While you are looking into programs and degrees, it is okay to assume that you’ll have the most for master’s and doctoral degrees. Keep in mind, however, that private and for-profit institutions may actually cost more, even for the associate or bachelor’s degrees.
As you research your online options, you will encounter two-year public schools, four-year public schools, private not-for-profit institutions, and for-profit schools. We reported earlier in this guide that public institutions, which receive some state financial assistance to cover their operating costs, generally offer lower tuition rates than private institutions.
- Two-year public schools are mostly designed for new and returning students who wish to earn a certificate or associate degree. They are often referred to as junior colleges or community colleges and receive government funding.
- Depending on the school, you can expect two-year public schools to offer one- and two-year programs in traditional academic subjects such as the hard sciences, mathematics, arts and humanities, and engineering.
- Monroe Community College (State University of New York (SUNY)-affiliated): Associate of Science in Health Studies, $4,870/year (NY resident); $9,890/year (out-of-state).
Fees & Online Degrees
Student fees appear on just about every higher education bill. On-campus students may see health fees, recreation fees, lab fees, and more. Online students can also see a handful of required fees headed their way each semester. As a remote learner, you may encounter technology support fees, software or hardware fees, online textbook costs, and online library materials fees. Depending on the school, you might need to pay for some of the same fees as on-campus students pay, as well as some of these below.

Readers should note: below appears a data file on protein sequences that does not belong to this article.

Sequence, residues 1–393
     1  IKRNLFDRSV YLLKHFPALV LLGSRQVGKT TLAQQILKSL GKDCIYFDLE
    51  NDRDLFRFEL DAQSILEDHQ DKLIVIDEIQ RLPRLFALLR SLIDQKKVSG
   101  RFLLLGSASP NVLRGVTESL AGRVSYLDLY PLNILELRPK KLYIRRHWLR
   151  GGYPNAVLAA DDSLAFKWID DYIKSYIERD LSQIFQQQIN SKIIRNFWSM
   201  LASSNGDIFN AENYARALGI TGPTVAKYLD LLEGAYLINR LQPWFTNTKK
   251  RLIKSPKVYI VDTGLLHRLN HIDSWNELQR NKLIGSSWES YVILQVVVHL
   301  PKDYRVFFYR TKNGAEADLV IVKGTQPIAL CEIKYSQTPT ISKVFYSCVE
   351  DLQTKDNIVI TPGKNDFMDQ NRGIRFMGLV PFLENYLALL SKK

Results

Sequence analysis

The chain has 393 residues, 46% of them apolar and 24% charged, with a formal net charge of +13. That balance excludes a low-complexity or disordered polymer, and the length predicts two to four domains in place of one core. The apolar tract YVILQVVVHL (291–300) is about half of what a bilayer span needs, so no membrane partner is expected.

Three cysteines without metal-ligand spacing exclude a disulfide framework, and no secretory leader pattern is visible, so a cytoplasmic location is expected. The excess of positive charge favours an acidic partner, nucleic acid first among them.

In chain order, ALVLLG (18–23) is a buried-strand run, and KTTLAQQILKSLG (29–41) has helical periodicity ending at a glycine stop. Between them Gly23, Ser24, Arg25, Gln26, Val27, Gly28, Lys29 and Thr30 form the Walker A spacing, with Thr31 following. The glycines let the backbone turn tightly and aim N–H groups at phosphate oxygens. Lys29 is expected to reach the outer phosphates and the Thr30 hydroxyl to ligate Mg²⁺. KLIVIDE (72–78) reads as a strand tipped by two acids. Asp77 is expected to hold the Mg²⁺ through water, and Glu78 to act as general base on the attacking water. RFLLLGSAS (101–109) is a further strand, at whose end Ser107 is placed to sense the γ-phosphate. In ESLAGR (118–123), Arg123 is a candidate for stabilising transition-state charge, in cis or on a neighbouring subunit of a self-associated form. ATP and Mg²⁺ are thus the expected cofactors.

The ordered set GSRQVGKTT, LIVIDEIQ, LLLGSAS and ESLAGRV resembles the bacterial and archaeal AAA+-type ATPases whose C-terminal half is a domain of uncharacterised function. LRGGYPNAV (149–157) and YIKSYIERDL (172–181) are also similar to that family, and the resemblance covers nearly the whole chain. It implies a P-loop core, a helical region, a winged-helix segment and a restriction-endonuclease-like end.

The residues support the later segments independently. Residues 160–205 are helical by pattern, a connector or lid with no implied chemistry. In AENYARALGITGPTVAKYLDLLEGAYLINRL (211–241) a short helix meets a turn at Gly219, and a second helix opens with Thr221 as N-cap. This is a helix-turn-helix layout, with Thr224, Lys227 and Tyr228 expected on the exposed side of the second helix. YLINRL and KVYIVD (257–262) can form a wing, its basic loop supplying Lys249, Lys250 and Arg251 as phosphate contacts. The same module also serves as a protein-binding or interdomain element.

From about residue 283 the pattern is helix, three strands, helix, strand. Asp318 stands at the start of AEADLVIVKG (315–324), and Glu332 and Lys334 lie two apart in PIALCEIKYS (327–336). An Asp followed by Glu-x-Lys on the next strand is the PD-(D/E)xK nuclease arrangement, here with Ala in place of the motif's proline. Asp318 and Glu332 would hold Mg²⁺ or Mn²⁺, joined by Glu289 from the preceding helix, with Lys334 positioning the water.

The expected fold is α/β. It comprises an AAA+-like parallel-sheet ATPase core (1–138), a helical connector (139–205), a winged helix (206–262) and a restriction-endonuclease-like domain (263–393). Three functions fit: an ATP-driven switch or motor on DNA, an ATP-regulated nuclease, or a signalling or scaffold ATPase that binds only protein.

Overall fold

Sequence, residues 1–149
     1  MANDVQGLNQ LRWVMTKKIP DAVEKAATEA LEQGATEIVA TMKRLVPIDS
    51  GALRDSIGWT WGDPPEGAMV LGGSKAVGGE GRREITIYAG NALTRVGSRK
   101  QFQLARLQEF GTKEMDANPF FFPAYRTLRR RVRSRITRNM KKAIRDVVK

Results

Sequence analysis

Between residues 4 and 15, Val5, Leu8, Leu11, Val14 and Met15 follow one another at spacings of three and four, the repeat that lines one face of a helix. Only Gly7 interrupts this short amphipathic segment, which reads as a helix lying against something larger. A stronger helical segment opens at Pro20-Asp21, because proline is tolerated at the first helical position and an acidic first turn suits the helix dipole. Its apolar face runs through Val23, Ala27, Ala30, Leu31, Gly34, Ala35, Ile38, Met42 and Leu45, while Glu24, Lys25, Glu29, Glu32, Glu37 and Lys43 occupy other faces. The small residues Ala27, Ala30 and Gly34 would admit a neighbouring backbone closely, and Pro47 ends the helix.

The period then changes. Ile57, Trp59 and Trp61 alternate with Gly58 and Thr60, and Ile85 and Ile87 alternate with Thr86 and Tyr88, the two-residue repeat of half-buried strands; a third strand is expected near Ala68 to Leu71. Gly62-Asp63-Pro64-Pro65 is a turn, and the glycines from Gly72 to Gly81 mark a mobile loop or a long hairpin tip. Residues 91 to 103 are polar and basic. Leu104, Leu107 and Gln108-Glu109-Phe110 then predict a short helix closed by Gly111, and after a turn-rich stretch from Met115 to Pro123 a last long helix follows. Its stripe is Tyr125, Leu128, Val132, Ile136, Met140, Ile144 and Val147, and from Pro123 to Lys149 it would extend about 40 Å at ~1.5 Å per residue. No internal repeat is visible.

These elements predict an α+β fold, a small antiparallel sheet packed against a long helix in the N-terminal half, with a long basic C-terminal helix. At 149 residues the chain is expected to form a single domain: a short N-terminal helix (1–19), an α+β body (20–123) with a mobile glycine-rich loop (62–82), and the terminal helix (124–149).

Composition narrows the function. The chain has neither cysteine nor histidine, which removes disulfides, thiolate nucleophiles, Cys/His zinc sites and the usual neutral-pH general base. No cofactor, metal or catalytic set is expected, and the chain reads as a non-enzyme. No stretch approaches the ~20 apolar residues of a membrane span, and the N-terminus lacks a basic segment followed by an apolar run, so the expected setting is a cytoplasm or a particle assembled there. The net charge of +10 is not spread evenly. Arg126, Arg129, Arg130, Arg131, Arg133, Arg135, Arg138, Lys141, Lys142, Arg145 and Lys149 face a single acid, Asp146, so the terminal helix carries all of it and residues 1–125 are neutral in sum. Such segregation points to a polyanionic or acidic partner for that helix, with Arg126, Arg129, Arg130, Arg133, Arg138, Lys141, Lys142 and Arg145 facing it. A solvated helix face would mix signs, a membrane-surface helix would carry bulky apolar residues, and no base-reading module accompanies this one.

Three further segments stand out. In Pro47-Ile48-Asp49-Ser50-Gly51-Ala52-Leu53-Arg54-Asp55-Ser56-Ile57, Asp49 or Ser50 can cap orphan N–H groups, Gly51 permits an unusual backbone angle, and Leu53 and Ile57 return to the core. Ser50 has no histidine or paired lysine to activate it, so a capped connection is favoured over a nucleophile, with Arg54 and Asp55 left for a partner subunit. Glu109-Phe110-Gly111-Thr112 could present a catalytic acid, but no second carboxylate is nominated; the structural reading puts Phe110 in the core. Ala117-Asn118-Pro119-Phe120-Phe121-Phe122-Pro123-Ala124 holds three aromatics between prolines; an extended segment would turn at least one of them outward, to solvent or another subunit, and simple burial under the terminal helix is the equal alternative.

On average, you can expect to spend around $40 – $60 per school application. This one-time payment covers the administrative costs incurred by each school to process your application and make sure that all of the necessary materials reach the faculty or admissions committee members they need to.
Fees You Won’t See with an Online Degree
Online students still have to eat, pay rent, pay their bills, and buy school supplies. However, there are a number of things they can save money on when they complete their programs online instead of on-campus.
Since you’ll be living at home and not having to commute to campus, you will save money on gas or public transportation costs. Additionally, many schools require students to obtain costly parking passes to park on-campus, which you won’t have to worry about.
- Room and Board
Even though you will still need to pay your rent or mortgage and buy food, living off-campus at home is typically cheaper than living on-campus and using a student meal plan.
- Athletic and Student Activity Fees
Fully online students usually do not need to pay the athletic fee or those associated with convocation centers on-campus. Requirements vary among schools, however, and this cost may be lumped into a larger category. If that’s the case, you could take advantage of on-campus amenities like the gym and recreation halls.
Hardware for Online Learning
Having the right tools is critical to a positive and successful online learning experience. Having good technology, however, doesn’t mean you need the newest and fanciest equipment. You will definitely need an up-to-date computer and an excellent internet connection. Below, we break down the equipment you should consider getting if you are going to be a distance learner.